Is your car ready for winter?
October is the time to get your car ready for the cold months. But according to a 2014 Google survey, 44 percent of drivers in cold climates do not plan to prepare their car for winter. Not only does this risk the inconvenience of a breakdown, it can be more costly and unsafe in the long run to leave your preparation until the storms begin. Some things, like checking tire pressure, you can do yourself, but it’s also a good idea to take your car to your technician for a checkup before the snow hits. Here’s a checklist to help winterize your car, as suggested by the Car Care Council:
Antifreeze, oil and batteries
Clean, flush and put new antifreeze in the cooling system. As a general rule of thumb, this should be done every two years.
Be diligent about changing the oil and filter every 3,000 miles. Dirty oil can spell trouble in winter. Consider changing to “winter weight” oil if you live in a cold climate. Have your technician check the fuel, air and transmission filters at the same time.
Have the battery and charging system checked for optimum performance. Cold weather is hard on batteries.
Vision and safety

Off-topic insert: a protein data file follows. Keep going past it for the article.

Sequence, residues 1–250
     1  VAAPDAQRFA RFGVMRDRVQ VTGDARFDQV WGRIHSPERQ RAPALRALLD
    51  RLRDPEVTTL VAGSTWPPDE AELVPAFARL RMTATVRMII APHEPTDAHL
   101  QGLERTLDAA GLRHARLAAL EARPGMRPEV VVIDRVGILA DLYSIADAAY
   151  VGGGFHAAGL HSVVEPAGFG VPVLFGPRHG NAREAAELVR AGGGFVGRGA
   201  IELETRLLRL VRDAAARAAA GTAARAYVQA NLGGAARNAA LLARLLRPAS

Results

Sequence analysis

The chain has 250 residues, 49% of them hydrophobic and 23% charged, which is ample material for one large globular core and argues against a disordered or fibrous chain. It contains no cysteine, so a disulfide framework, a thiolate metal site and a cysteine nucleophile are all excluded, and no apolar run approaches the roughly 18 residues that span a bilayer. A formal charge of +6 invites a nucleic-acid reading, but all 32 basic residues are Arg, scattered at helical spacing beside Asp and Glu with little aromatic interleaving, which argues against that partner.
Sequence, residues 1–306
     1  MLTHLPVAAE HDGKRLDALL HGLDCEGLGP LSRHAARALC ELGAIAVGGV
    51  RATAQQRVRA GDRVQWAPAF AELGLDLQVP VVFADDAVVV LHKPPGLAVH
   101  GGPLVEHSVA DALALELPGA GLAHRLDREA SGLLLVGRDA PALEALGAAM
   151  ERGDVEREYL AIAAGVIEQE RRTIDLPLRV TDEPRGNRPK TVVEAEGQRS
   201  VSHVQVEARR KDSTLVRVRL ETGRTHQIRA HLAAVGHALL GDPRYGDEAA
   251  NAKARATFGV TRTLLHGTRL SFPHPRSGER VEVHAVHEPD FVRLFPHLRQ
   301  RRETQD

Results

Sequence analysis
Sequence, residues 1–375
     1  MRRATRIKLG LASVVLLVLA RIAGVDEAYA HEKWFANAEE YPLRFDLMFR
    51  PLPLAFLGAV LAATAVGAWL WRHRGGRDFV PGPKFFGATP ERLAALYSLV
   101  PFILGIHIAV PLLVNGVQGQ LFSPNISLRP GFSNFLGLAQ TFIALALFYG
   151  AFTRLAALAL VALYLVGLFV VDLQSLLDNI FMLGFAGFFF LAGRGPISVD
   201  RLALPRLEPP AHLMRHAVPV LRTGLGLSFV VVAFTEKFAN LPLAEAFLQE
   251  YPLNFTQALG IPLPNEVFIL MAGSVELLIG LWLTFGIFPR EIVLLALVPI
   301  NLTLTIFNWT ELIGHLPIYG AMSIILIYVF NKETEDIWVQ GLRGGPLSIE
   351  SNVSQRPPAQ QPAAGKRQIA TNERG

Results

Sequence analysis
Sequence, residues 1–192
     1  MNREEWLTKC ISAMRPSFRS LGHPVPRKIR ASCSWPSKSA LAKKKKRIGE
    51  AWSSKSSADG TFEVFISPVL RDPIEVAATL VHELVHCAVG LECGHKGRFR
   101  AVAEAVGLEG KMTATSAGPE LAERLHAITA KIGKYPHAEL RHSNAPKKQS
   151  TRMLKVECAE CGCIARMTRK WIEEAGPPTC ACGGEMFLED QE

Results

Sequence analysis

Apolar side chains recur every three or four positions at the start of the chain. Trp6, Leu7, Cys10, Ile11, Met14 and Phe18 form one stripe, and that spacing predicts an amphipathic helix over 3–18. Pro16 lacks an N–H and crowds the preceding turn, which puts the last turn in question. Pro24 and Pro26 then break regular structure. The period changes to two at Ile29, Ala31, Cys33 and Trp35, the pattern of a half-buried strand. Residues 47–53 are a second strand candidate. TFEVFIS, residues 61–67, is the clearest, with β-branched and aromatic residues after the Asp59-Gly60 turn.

Make sure heaters, defrosters and wipers work properly. Consider winter wiper blades and use cold weather washer fluid. As a general rule, wiper blades should be replaced every six months.
Have the brakes checked. The braking system is a vehicle’s most important safety item.
Have the exhaust system checked for carbon monoxide leaks, which can be especially dangerous during cold weather driving when windows are closed.
Check to see that exterior and interior lights work and that headlights are properly aimed.
How do I get my tires ready for winter?
Check the tire tread depth and tire pressure. During winter, tire pressure should be checked weekly.
If snow and ice are a problem in your area, consider special tires designed to grip slick roads. Snow tires have more spines than other tires, which give them greater surface area.
Should I consider studded tires?
Studded tires give you more traction in slippery conditions, with small pins that grip into the ice. The downside is they can cause damage to regular roads and make channels that fill up with water and become a hydroplaning hazard. For this reason studded tires are not permitted in all states, and in some states they are only permitted during the winter months. Check the regulations in your area.
Move over James Bond
If that all sounds a bit complicated, take a look at the latest innovation that allows you to have the benefits of studded tires without the risk of damaging the roads. Nokian Tyres has a new line in development that’s fresh out of James Bond — flick a switch and you have all the traction you could need for that unexpected ice.
Described as “an amazing technological feat” by Nokian Tyres Technical Customer Service Manager Matti Morri, the Hakkapeliitta non-studded studded tire is in concept stage at the moment, but keep an eye out; 007’s tires are on their way.